Loyalist violence means advance?

Submitted by AWL on 4 May, 2021 - 7:58 Author: Jim Denham
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When loyalist violence erupted in Northern Ireland in April, the Morning Star responded with an article (15 April) by one Lynda Walker that concluded: “The cause of the problems which the unionist and loyalist communities have cited, the border and policing, must be solved politically. In addition to those orchestrating the violence, the British and Irish governments, the EU and the DUP should be held responsible for this situation.”

The words “statement” and “bleedin’ obvious” spring to mind.

At least Walker’s article includes the British government in its roll-call of those to blame. Back in 2019, when Theresa May’s government was on the rack over the so-called “backstop”, the Morning Star (lining up with Tory hardline Brexiteers in opposing that backstop) was clear that the problem was entirely caused by the EU and the Irish government.

Articles in the paper in the course of 2019 included the following statements:

• “If there are new Irish border problems arising at this time, they do not stem from Britain’s democratic decision to leave the EU, but from the Irish government’s desire to remain in it” (article by Kevin McCorry of the People’s Movement of Ireland).

• “The Irish government [is] siding with the EU against Britain, which also happens to be our largest trading partner, and against the decision made by its citizens to leave the EU” (article by the youth wing of the Communist Party of Ireland, headed “Communists blast Varadkar’s Blueshirt regime in stormy Cork meeting”).

• “We must remember who’s doing the threatening. It is not Britain’s border, or Ireland’s border: it is the EU’s border. It is up to the EU to sort out this problem in the interests of its members, in other words Ireland, the only member affected by it” (editorial).

• “The warnings connecting Brexit with the Irish border, the GFA and a revival of violence have been delivered by US House of Representatives speaker Nancy Pelosi in speeches in London and Dublin… Yet the whole ‘Brexit-border-GFA-terrorism’ nightmare scenario is a concoction of cynical and reckless politicians, commentators and top bureaucrats. Its intention is to undermine Brexit in general and justify the Irish backstop in the UK-EU Withdrawal Agreement in particular” (editorial headed “The Merry-go-round of Irish border warnings is not what it seems”).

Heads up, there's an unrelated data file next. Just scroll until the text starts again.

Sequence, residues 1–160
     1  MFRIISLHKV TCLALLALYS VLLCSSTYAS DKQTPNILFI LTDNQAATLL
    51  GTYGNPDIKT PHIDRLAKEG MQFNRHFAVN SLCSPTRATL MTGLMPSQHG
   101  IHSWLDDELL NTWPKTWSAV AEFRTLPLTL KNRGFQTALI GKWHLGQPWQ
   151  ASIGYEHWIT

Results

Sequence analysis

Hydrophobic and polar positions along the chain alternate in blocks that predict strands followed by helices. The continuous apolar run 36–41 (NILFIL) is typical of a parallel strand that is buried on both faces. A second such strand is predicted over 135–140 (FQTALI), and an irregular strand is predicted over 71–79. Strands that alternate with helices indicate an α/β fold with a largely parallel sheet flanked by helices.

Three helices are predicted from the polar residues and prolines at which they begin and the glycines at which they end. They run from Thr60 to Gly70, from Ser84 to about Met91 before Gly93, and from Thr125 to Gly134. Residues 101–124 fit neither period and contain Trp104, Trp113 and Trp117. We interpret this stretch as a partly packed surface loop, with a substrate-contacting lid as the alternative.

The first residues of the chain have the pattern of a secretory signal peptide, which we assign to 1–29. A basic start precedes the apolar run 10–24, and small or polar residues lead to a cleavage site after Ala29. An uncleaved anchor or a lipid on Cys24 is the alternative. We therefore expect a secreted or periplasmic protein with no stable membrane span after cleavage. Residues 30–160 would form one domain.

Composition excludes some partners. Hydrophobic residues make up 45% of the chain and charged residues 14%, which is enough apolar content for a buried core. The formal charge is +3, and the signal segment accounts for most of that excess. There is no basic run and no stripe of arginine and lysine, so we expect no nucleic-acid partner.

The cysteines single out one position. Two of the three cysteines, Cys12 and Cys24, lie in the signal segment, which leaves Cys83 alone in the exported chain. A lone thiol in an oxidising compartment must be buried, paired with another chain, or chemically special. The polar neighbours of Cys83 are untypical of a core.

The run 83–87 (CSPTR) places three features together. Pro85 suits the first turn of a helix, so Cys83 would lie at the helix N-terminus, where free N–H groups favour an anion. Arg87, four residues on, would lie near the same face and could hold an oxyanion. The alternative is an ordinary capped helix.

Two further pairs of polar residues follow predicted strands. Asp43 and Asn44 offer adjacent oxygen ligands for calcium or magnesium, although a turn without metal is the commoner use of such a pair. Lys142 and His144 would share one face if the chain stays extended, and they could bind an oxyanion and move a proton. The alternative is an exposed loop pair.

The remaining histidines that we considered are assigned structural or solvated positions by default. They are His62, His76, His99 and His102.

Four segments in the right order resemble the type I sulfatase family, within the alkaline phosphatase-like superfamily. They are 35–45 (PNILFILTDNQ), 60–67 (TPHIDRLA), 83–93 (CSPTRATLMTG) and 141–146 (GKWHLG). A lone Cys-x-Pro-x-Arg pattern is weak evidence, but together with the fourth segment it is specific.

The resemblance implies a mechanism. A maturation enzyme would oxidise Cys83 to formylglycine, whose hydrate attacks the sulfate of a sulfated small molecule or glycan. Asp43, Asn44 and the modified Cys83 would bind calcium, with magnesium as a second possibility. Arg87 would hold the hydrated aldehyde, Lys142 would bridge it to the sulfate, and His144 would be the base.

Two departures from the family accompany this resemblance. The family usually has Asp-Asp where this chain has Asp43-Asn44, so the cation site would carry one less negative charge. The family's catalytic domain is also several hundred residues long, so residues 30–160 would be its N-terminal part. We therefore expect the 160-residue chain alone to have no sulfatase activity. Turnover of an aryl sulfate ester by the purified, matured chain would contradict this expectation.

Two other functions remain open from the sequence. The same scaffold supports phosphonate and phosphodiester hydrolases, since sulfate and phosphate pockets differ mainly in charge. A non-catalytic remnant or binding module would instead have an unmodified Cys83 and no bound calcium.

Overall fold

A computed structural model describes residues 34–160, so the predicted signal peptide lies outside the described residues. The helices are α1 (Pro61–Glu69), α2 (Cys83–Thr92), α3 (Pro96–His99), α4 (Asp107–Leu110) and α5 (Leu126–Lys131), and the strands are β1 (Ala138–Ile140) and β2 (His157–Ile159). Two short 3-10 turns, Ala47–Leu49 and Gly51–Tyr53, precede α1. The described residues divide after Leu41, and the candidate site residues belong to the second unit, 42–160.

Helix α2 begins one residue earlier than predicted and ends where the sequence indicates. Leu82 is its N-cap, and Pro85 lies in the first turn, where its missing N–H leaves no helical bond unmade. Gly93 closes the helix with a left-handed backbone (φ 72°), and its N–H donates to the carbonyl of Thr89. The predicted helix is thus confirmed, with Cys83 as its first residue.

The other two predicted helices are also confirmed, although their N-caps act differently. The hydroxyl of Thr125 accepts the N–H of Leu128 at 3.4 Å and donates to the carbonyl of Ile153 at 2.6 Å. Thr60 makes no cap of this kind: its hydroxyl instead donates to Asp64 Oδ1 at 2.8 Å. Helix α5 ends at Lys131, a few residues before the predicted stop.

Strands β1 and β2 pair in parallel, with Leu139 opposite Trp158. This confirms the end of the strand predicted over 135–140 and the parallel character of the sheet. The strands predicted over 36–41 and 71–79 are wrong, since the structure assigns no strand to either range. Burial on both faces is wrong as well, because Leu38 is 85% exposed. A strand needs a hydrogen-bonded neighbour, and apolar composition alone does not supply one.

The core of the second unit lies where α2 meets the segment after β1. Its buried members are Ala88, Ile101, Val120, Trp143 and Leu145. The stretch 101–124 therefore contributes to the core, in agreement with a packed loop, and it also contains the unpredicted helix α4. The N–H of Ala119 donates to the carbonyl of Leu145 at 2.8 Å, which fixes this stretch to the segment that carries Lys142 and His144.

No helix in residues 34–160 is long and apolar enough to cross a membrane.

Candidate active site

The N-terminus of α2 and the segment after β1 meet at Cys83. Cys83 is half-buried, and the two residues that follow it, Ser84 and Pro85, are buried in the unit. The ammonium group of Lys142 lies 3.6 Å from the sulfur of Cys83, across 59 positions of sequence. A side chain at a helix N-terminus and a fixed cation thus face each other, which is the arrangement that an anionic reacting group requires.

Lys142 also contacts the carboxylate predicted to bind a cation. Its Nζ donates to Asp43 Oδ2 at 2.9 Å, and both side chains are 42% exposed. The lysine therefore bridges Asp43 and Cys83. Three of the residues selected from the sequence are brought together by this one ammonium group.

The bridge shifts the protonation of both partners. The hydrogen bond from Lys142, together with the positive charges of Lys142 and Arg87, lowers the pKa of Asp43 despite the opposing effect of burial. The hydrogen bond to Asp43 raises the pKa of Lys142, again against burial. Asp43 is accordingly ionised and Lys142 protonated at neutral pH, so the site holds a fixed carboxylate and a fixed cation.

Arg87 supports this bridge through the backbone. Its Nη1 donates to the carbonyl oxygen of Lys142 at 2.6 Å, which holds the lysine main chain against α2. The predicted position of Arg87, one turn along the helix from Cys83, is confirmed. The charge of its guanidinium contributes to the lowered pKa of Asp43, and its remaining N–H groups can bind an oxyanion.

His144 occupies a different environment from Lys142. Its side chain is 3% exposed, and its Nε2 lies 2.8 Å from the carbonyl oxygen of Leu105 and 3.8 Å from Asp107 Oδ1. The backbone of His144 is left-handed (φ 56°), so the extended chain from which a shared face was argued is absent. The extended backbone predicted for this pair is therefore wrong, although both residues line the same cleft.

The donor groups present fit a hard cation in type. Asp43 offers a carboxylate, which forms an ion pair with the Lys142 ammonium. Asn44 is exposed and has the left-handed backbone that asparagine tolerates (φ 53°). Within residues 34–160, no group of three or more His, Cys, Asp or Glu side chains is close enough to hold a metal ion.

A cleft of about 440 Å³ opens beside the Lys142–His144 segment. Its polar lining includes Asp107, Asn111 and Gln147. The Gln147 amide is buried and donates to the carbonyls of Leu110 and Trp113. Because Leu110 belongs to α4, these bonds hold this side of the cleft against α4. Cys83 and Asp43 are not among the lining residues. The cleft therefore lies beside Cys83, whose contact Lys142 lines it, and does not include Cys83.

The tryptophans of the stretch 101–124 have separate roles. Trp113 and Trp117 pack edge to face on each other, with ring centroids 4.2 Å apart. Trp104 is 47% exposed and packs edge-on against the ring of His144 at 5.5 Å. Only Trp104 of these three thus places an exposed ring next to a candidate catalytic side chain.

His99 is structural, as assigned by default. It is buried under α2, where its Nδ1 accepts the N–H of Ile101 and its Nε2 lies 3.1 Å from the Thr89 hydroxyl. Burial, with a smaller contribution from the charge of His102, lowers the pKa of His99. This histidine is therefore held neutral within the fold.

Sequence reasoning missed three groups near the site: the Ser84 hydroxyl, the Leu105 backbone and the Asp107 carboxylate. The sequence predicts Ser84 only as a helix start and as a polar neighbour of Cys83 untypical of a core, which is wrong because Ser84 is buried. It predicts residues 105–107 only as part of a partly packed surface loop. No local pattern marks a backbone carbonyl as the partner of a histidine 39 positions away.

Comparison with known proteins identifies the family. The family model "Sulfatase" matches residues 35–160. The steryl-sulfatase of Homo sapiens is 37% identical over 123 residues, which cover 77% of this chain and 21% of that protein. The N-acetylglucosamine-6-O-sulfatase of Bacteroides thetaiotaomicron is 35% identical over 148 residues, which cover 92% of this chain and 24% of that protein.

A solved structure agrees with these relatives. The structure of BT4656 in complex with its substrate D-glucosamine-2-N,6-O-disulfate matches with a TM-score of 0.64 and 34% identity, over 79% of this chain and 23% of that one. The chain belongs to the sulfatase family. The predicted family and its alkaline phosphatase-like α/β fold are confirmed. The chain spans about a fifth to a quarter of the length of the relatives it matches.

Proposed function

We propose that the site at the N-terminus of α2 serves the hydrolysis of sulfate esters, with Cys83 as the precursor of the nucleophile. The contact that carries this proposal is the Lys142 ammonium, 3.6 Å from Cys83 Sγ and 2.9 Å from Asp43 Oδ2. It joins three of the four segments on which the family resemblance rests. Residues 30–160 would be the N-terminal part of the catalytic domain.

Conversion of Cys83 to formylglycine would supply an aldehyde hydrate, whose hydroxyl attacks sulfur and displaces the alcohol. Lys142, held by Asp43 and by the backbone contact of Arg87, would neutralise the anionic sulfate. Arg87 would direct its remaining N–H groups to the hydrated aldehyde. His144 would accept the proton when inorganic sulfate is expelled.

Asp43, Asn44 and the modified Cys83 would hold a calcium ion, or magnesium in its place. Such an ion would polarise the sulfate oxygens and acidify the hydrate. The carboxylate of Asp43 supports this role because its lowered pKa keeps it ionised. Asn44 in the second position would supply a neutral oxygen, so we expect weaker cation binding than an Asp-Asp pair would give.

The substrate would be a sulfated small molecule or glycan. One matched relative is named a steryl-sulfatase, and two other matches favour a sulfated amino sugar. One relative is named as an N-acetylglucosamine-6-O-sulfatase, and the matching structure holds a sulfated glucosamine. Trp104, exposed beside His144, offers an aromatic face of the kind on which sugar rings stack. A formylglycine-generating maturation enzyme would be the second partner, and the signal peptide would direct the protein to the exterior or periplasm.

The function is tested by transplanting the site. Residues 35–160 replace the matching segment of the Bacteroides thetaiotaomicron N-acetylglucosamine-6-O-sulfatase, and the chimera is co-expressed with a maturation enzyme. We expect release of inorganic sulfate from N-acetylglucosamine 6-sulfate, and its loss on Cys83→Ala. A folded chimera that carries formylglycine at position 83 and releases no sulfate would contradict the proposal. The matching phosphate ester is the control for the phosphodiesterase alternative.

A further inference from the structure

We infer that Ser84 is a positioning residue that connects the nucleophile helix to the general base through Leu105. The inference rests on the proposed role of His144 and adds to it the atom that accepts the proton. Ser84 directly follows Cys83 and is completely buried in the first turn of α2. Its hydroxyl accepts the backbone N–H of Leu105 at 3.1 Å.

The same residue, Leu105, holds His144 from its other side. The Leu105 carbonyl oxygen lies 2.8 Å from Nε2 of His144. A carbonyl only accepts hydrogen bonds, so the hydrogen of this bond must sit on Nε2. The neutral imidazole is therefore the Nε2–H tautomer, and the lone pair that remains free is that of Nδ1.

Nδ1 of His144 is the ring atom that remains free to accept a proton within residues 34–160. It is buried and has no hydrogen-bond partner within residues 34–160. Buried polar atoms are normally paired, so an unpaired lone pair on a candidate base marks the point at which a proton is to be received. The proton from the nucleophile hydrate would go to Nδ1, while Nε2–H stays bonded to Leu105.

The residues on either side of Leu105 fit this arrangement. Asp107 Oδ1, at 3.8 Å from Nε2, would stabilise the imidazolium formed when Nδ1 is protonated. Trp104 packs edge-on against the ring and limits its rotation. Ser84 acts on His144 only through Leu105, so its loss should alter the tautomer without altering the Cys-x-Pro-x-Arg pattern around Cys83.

The Morning Star and its political masters in the Communist Party of Britain (and Communist Party of Ireland, too) have changed their tune. Unable to deny that Brexit has inevitably created violence and instability in Northern Ireland, they now claim that this represents a brilliant opportunity for Irish reunification: “The real problem with the Remain tendency’s use of the Irish border question has been its presentation of an unjust status quo as untouchable. In seeing any deviation from present arrangements as catastrophic — even if, in Ireland’s case, it advances the conditions for reunification, which socialists and anti-imperialists support — it shared much with the Remain attitude to the Brexit deal as a whole.”

Communist Party of Ireland general secretary Eugene McCartan (quoted in the Morning Star of 30 April) was upbeat: “The British have courted and secured new forces to advance their imperial interests in Ireland, north and south...it’s not just Brexit... Political unionism has little, if anything to offer its working class base, other than the relentless dog whistle of sectarianism.”

These Stalinist anti-EU fanatics seem to ignore the fact that the sectarian “dog whistle” has grown louder and shriller as a result of Brexit. Slowly but unmistakeably, over the years, British and Irish membership of the EU drew some of the poison out of the old sectarian dispute between nationalists and loyalists, as the UK and the Republic were part of Europe itself, allowing both traditions to co-exist. Brexit reignites old disputes, setting back the cause of Irish reunification — unless you believe that, somehow, reunification can be achieved without working-class unity and loyalist consent.

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